The site of the City of Poughkeepsie Sculpture Park is about to be transformed into an apartment complex once more.
Four apartment buildings once stood at the corner of Main and South Bridge streets before a fire destroyed them in 1973. Years later, the vacant site would become a popular destination for artists and sculptors to display their work.
“When the fire destroyed the buildings, there really wasn’t much of a clean-up,” City of Poughkeepsie Second Ward Councilman Mike Young said. “For a time, it was an empty lot and people used to put sculptures there.”
When developer Kenneth Kearney expressed interest in developing the site, he kept both pieces of its legacy in mind.
“The vision of Queen City Lofts is to attract artists into that neighborhood,” Kearney said. “We feel with the location, with proximity to the Bardavon and other venues, that the artist community in Poughkeepsie is alive and well — we just need a location to bring all those synergies together.”
Kearney said the neighborhood in which he is building Queen City Lofts has a high poverty rate, so it is difficult to attract capital to the area. He said his project is a venture that will do just that while also “promoting and preserving the artist community.”
But the project actually wasn’t his idea, it was his son’s.
“It was actually Sean’s vision,” Kearney said. “He felt that this concept would work on this site. We became interested once we heard it was going out for an RFP (Request for Proposal). He was attracted to it because of its location — the waterfront, the train station, Market Street and the heart of Poughkeepsie.”
When completed, the apartment complex will host 70 apartments. Fifty of them will be lofts for artists, with affordable rents ranging from $870-$1100. The other 20 loft apartments will be rented at market rate. Each apartment will have a 16-foot-high ceiling and a sleeping loft.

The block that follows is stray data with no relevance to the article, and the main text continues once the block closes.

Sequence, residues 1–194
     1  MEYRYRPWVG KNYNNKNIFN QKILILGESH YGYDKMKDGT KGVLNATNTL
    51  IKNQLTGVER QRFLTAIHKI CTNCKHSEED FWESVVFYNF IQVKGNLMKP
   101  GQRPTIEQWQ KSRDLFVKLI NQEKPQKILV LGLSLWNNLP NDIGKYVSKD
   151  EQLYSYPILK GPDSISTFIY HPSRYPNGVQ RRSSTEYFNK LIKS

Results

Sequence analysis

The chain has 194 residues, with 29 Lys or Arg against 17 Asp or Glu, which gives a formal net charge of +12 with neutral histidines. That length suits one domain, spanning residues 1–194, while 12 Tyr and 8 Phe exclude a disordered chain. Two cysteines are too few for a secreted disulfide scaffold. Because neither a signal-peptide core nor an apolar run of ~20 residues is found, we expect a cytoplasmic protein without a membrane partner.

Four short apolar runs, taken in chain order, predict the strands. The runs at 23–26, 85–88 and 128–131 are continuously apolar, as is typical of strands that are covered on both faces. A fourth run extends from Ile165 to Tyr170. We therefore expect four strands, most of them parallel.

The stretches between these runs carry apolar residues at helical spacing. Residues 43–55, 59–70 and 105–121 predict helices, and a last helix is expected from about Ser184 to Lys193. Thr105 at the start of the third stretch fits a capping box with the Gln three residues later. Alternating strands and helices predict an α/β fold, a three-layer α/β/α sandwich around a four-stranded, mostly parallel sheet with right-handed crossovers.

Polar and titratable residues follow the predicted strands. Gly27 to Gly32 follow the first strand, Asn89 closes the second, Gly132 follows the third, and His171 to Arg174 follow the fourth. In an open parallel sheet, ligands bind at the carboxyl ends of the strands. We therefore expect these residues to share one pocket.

From the city perspective, Young believes the complex is in a great spot, and both residents of the apartments and of the surrounding area will benefit greatly from it.
“The expectation is that a lot of folks who live there will use public transit, either via buses on Main Street or via the train station which is nearby,” Young said. “A parking lot will be behind the project, accessible from the side street there as well as a driveway from Main Street.
“The ground floor is going to be commercial space so there will be opportunity there for jobs.”
Young said the city council just recently approved some tax details, so development on the property can begin soon.
“We are hoping to get going in the next month or two,” Kearney said. “It is currently a brownfield site, so there is contamination there that will take us two to three months [to clean up] and then we will move forward on the actual construction.”
Kearney estimated that Queen City Lofts will take about 20 months to construct, so it’s not an unrealistic expectation for residents to move in by the Spring of 2019.